Why Did I Become A Nurse?

Last week, when I visited my counselor, she had me lay down and do some mindfulness technique to assist in alleviating the headaches and grounding. Grounding is somewhat difficult for me it seems and as a result of this I tend to get a lot of pressure-like aches in the middle of my forehead where my third-eye is. I was able to seat myself in my heart-space again. Doing so led me to reconnect with my own inner voice and essentially pick back up where I left off.

It seems as though I’ve been asleep for so long because I’ve been unconsciously doing what I was told I should do but not quite allowing myself to be conscious of why I’m doing what I’m doing. A lot of emotions have been coming to the surface since that last session. A lot sensations and questions.

One of these questions is Why did I become a nurse?

It often feels as though nursing is so left field from every other aspect of my life, what I want, who I want to be. I couldn’t seem to remember where the decision to be a nurse came from. I felt so consumed.

I’m starting to remember. Nursing for me wasn’t about the work. It was a means to an end, a way to support myself as I focused on what truly mattered to me in life, spiritual growth and expansion, as opposed to moving up the corporate healthcare ladder, the politics, the science itself, etc. I think at some point my own spiritual growth scared me, particularly when I began to ‘see’ and ‘hear’. I didn’t have an adequate support system at that time and found myself trying to lose myself in what felt safe and familiar.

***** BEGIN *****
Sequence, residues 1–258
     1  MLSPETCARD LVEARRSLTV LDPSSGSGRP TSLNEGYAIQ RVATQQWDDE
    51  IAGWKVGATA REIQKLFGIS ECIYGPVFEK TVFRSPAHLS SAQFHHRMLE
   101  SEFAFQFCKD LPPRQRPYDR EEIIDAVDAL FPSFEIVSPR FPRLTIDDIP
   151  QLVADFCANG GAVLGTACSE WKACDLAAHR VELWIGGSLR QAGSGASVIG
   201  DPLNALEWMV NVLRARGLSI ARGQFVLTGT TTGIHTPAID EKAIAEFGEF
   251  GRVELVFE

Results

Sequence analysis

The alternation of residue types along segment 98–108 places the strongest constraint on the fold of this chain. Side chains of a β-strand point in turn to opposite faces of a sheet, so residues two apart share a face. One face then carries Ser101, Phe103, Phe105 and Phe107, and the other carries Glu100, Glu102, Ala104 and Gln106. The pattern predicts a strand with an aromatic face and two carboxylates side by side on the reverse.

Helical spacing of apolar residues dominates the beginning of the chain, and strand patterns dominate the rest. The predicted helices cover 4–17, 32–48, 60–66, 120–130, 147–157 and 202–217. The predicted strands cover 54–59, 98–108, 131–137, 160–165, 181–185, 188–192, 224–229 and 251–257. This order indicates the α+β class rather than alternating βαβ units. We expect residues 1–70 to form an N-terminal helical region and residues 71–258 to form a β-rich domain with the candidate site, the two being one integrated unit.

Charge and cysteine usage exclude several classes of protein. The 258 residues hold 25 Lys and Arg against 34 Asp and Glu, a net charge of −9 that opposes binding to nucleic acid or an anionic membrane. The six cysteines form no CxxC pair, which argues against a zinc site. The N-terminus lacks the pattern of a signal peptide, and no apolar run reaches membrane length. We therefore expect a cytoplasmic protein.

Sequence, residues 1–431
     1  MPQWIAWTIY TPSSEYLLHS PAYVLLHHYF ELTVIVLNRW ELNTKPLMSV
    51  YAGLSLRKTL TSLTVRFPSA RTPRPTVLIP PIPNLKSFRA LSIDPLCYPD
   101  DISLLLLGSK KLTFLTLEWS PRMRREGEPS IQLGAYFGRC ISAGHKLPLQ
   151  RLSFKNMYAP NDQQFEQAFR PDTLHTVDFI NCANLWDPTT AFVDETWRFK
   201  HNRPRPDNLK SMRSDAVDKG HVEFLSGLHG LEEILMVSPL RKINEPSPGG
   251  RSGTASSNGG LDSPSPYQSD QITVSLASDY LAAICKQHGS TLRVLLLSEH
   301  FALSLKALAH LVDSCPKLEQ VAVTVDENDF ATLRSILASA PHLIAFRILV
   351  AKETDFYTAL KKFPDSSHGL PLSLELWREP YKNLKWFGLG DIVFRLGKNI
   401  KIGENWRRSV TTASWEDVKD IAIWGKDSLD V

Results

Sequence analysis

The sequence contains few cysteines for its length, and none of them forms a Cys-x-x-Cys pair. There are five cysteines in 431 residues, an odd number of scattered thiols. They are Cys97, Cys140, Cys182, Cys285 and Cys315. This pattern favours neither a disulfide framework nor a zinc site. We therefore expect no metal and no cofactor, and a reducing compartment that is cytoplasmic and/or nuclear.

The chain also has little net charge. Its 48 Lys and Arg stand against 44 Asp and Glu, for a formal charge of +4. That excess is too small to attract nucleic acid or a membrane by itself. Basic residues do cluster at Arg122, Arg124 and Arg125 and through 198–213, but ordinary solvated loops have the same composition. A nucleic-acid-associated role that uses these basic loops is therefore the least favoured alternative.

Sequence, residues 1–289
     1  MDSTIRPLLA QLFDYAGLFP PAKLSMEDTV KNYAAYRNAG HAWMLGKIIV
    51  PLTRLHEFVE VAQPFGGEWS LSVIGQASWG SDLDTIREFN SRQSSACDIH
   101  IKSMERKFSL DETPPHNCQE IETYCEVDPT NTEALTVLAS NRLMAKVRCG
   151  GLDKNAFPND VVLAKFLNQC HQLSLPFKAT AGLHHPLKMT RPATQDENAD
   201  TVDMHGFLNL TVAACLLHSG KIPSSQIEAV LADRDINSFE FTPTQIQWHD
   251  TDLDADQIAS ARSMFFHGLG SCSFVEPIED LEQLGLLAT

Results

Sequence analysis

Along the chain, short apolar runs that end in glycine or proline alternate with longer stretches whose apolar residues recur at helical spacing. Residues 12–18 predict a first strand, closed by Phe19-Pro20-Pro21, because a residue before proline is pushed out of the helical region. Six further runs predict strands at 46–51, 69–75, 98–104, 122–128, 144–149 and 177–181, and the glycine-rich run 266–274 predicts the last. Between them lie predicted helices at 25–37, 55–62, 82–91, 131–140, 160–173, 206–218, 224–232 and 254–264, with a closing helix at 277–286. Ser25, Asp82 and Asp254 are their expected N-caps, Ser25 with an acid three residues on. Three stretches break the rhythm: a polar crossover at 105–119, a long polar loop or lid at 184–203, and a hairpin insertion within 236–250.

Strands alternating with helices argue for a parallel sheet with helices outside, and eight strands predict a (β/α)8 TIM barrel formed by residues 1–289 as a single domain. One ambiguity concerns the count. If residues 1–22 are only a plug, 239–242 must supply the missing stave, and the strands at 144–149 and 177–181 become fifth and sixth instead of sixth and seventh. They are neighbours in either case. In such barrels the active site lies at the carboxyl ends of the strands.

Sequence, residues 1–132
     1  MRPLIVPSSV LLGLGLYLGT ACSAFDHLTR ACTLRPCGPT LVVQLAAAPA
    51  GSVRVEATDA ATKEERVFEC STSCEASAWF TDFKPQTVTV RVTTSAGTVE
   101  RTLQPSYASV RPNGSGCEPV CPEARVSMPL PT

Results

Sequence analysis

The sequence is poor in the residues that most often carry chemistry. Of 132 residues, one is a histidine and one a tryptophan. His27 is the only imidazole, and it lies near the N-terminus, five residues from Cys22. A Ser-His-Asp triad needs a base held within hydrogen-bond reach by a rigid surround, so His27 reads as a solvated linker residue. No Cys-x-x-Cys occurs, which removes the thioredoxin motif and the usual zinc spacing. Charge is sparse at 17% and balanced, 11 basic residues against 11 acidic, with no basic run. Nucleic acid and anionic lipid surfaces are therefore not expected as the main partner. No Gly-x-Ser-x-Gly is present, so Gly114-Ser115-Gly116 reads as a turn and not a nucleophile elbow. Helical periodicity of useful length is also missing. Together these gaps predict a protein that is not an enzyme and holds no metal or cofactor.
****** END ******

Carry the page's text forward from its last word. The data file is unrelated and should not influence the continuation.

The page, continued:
In essence: I’ve been running from myself because I didn’t like what I had to say and I didn’t like what my inner self was showing me. Deeper still, I was scared to trust the information I got because nothing around me seemed to validate it.

External validation and validation seeking has played a significant role in my life. It seems as though I’ve always looked for someone somewhere to tell me that ‘I am okay’, that what I feel, think, do, want, say, is okay. As a result, I ignore my own inner messages unless they are confirmed.

I want to be on my own team and support myself in the way I wish my mom, my dad, my friends, onlookers who witnessed injustice would. I want to give myself the validation I often wished I had growing up, in school, in college, in the workplace. I want to be on my side, to support my own dreams, desires, wishes, growth, and expansion. Every energy in this world is not supportive. Every energy in this world is not my friend. But I want to be my friend and support myself. I want to listen to and counsel myself, to talk to myself, to get to know myself and rebuild those lines of trust and connectivity so that I’m not running myself into abusive external situations anymore hoping others will see what is impossible for them to see.

I remember why I became a nurse now. I became a nurse because I wanted the flexibility to come and go as I pleased without having to be bound to one job, one space, one company, one city or state. I chose nursing because I suspected that my spiritual evolution would one day require me to branch out and I needed a flexible enough option in order to do just that.

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